Announcing Stack Overflow Documentation

We started with Q&A. Technical documentation is next, and we need your help.

Whether you're a beginner or an experienced developer, you can contribute.

Sign up and start helping → Learn more about Documentation →

I'm just in the middle of that book Scrum and XP from the Trenches, reading through the chapter How we do testing, in particular about Acceptance Testing Phase (I'll refer to it as ATP). Author suggests that one approach:

Approach 2: “OK to start building new stuff, but prioritize getting the old stuff into production”

but (in my opinion , or I don't get something) that approach doesn't refer to ATP at all. There's one sprint, then another, but where is ATP. Or perhaps in authors mind that first sprint contains ATP in it. If so, then how it refers to statement form subchapter Should acceptance testing be part of the sprint? several pages before:

We waver a lot here. Some of our teams include acceptance testing in the sprint. Most of our teams however don’t, for two reasons: A sprint is time-boxed. Acceptance testing (using my definition which includes debugging and re-releasing) is very difficult to time-box. What if time runs out and you still have a critical bug? Are you going to release to production with a critical bug? Are you going to wait until next sprint? In most cases both solutions are unacceptable. So we leave manual acceptance testing outside. If you have multiple Scrum teams working on the same product, the manual acceptance testing must be done on the combined result of both team’s work. If both teams did manual acceptance within the sprint, you would still need a team to test the final release, which is the integrated build of both team’s work.

So guys, (here is the question): how do you comprehend that chapter?

Apart from that here are my thoughts: author mentiones that ATP shouldn't be a part of the Sprint due to critical bug issue? Well, can't we have such an issue without ATP in sprint? Yes we can. And either way (we have ATP in Sptint or not) we are in trouble. Bottom line : if Sprint timebox in long enough (perhaps that was author's idea in Approach 2) it can handle ATP as well. It will eliminate a great deal of errors from arriving after release.

Thanks, Pawel

P.S. Do you know any pages where there's a change to have a active chat with book's author?

P.S. 2 I was just enlightened when reading through my question before posting it: perhaps by saying:

Approach 2: “OK to start building new stuff, but prioritize getting the old stuff into production”

author ment: Sprint 1 is finished, and codebase (version 1.0.0) enters ATP. At the same time we're starting Sprint 2 for release 1.1.0 and simultaneously fix bugs spoted in 1.0.0 version. When codebase prepared during Sprint 1 is spotless it goes live. So here, we have some king of overlaping. But, if that was author's intention (I'm sure it wasn't though) then it breaks fundamental principles:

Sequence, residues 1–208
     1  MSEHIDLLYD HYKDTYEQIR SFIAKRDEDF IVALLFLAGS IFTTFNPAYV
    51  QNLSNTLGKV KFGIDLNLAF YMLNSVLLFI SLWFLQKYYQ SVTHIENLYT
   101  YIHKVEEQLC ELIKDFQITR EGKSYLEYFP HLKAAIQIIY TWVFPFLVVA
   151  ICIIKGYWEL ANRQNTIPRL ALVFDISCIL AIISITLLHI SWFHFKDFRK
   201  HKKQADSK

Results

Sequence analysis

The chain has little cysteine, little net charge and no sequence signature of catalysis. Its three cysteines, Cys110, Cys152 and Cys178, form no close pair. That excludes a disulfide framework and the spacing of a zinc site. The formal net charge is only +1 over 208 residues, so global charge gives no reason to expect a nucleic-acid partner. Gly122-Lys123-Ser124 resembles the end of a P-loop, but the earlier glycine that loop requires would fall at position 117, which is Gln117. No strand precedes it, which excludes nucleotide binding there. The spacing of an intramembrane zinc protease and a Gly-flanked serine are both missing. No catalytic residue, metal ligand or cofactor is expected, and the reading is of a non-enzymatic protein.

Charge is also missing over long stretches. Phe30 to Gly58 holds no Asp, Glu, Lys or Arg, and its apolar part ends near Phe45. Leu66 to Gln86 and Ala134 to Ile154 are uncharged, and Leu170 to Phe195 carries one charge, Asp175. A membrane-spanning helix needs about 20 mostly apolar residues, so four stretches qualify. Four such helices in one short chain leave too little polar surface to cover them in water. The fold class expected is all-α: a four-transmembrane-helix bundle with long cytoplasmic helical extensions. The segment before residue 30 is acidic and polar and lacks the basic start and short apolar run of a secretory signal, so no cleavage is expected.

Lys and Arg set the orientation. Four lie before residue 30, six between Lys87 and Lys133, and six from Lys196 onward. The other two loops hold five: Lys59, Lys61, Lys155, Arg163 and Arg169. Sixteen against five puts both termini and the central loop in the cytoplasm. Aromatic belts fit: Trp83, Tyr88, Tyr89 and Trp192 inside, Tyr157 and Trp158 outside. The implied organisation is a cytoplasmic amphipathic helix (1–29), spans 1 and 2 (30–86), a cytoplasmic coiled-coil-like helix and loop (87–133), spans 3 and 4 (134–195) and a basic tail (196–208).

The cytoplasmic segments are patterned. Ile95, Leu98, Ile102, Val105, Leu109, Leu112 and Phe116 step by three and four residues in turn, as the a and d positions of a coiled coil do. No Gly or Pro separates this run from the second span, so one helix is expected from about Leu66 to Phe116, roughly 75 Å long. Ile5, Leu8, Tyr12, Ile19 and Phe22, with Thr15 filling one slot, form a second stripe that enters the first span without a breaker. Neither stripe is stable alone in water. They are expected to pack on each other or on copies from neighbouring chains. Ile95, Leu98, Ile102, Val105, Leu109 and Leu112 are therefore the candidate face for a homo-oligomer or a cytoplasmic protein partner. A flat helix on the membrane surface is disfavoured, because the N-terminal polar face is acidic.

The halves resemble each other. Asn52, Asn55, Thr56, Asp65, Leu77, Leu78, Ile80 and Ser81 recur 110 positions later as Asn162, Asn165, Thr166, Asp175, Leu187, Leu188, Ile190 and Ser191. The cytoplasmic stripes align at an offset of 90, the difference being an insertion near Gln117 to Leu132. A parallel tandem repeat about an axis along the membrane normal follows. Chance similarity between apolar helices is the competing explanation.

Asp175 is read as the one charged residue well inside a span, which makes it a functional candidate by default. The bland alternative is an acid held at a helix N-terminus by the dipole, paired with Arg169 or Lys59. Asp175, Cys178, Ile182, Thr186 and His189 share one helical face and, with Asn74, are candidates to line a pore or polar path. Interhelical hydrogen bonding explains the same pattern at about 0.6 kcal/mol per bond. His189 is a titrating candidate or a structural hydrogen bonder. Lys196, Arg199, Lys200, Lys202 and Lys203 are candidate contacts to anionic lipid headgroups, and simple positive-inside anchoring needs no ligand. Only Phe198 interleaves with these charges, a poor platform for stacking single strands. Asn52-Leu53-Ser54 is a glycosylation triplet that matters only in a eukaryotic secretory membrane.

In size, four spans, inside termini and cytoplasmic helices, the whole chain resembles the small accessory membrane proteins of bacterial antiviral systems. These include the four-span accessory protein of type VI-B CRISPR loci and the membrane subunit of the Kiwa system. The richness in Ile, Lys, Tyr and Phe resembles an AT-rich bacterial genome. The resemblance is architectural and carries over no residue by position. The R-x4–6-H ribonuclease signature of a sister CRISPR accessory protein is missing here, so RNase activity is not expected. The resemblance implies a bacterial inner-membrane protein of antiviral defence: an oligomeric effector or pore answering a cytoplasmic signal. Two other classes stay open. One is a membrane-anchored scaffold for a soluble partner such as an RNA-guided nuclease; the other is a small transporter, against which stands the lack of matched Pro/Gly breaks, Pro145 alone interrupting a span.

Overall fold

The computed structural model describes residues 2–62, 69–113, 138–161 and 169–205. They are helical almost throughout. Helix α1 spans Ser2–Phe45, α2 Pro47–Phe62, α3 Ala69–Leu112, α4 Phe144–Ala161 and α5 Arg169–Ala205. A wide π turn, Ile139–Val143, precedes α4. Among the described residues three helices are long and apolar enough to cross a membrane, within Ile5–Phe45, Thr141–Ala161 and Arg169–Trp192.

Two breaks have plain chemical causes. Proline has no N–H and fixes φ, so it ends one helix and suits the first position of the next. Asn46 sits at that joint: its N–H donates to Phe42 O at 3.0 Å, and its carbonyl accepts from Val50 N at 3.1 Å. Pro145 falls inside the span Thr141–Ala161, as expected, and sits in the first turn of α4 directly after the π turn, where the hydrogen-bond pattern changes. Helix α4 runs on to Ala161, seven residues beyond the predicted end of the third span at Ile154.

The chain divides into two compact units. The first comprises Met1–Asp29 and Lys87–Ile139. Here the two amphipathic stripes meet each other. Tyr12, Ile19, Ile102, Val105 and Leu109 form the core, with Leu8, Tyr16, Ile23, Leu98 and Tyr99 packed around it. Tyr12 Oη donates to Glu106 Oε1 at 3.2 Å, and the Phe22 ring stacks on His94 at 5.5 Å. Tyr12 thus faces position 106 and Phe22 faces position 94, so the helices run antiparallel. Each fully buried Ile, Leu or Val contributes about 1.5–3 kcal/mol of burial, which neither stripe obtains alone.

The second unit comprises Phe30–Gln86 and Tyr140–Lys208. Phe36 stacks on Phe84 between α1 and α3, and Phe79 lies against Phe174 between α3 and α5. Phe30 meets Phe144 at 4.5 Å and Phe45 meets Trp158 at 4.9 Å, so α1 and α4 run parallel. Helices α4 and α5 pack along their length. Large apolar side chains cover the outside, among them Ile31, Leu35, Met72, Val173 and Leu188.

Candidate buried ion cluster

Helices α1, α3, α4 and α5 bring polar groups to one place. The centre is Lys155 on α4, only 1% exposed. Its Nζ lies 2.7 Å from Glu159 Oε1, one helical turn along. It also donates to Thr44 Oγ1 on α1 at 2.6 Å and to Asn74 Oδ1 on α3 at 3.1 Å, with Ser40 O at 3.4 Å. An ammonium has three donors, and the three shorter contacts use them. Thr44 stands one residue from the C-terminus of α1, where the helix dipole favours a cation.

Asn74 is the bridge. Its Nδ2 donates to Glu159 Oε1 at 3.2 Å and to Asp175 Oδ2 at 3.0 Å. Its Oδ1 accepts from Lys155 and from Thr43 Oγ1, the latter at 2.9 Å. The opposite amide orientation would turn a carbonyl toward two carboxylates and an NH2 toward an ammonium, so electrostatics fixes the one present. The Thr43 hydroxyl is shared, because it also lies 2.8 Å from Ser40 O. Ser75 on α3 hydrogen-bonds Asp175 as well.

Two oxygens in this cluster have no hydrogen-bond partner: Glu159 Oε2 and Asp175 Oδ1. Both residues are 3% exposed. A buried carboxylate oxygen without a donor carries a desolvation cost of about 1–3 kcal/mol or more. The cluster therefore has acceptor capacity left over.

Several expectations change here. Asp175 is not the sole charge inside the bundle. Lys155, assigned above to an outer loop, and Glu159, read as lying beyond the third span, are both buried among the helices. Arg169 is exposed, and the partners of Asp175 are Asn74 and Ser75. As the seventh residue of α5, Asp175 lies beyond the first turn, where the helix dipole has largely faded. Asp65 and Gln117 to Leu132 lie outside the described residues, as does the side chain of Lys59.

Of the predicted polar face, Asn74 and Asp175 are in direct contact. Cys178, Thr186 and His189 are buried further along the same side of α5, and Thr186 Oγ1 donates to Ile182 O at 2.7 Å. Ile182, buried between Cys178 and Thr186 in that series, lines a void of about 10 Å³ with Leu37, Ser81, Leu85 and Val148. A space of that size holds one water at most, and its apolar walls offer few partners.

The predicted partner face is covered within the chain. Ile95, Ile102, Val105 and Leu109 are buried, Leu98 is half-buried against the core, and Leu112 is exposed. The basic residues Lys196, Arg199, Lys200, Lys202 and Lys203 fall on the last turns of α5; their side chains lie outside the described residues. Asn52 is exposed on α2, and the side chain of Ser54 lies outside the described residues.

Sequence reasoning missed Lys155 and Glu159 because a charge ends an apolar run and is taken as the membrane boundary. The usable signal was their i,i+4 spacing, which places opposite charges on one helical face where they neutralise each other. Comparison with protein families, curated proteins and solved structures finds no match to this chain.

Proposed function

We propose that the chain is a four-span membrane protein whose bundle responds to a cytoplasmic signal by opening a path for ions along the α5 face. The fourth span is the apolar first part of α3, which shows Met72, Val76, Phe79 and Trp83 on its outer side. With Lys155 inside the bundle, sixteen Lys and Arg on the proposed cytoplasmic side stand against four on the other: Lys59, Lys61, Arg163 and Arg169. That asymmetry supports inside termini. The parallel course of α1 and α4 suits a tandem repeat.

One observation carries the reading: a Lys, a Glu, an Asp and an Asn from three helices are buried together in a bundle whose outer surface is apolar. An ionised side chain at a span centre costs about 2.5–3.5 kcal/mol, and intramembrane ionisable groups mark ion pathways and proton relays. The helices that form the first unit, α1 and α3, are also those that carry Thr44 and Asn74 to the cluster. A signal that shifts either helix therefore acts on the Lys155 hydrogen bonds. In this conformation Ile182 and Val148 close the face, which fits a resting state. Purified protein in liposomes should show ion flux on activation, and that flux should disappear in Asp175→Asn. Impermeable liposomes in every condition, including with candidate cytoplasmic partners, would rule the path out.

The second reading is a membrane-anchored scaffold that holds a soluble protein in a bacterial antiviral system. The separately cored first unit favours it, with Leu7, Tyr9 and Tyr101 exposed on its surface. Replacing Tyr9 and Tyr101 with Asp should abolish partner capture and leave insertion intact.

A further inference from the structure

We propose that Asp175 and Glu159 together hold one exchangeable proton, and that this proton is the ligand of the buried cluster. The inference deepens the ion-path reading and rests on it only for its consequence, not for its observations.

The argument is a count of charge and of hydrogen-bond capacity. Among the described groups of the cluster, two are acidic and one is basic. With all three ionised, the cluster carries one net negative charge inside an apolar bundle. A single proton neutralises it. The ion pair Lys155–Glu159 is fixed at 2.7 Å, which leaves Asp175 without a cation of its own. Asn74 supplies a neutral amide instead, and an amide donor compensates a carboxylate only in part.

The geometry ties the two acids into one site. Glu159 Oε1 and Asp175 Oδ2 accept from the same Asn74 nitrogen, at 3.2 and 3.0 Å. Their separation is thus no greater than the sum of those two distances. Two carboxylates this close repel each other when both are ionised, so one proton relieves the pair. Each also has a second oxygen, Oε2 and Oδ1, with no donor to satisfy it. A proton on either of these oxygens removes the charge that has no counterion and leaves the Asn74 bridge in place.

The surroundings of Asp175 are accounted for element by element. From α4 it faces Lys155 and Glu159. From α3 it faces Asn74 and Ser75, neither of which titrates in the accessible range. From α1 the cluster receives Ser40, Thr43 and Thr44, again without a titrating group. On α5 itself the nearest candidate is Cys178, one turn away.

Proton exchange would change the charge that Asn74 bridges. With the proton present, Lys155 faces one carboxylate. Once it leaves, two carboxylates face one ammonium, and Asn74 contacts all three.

1. After sprint new software is available (it isn't cos we wait for ATP to end)
  2. If we consider a sprint as sprint+ATP :), then sprint is not time boxed.

All in all that book is great reading, but that chapter if a bit fuzzy (nice cool word I picked up during that reading too) to me.

share|improve this question
What is "cos"? Please use English. – S.Lott Jun 20 '11 at 20:56
Please use English (not English slang) and please update the question to reflect that. Explaining isn't helpful. Fixing the question is helpful. – S.Lott Jun 21 '11 at 9:38

Acceptance Test has little or nothing to do with building software.

You build as quickly and as well as you can.

User's accept some features (or reject some features).

You don't find "critical bugs" via acceptance test. The software already works. The users just don't like the way it works. It's not a bug. It's a miscommunication which will be fixed in the next sprint.

You can (with some tweaks) deploy the Accepted software, which is a subset of the tested software. People do this all the time.

We often conceal features, pages, buttons, screens, whatever, because they were not accepted. They passed unit test. They work. But for some reason they weren't accepted. So they aren't deployed.

Often, the user's original definitions were faulty, and the unit tests need to be fixed so that the code can be fixed and deployed in the next release.

Acceptance of a feature has nothing to do with whether it works and which sprint it was built in. It might be nice if it was all one smooth package. But, it usually isn't one smooth package. That' why we have to be Agile.

share|improve this answer
What is "wether"? Please use dictionary :) – dragonfly Jun 21 '11 at 10:01
@dragonfly: Thanks to your help I could update the answer to use all standard English. No explanations. No slang. Thanks. – S.Lott Jun 21 '11 at 17:03

IMO at the beginning of a sprint acceptance criteria should be well known and fix for each user story. To be able to mark the story as "done" in the sprint review, the acceptance tests have to be successful. Thus IMO the ATP belongs into the sprint!

I'd like to refer to "Agile estimating and Planning" by Mike Cohn. He promotes to write the acceptance criteria on the user story post-its. They are the basis for approval in the sprint review. From this statement I derive the need to have the ATP in the sprint!

Changing requirements or acceptance criteria result in new user stories. But you never change the ones in progress.

If the acceptance tests are to be automated, this work can be done during the sprint. But the underlying criteria should already be fix at the beginning of the sprint.

share|improve this answer

Your Answer


By posting your answer, you agree to the privacy policy and terms of service.

Not the answer you're looking for? Browse other questions tagged or ask your own question.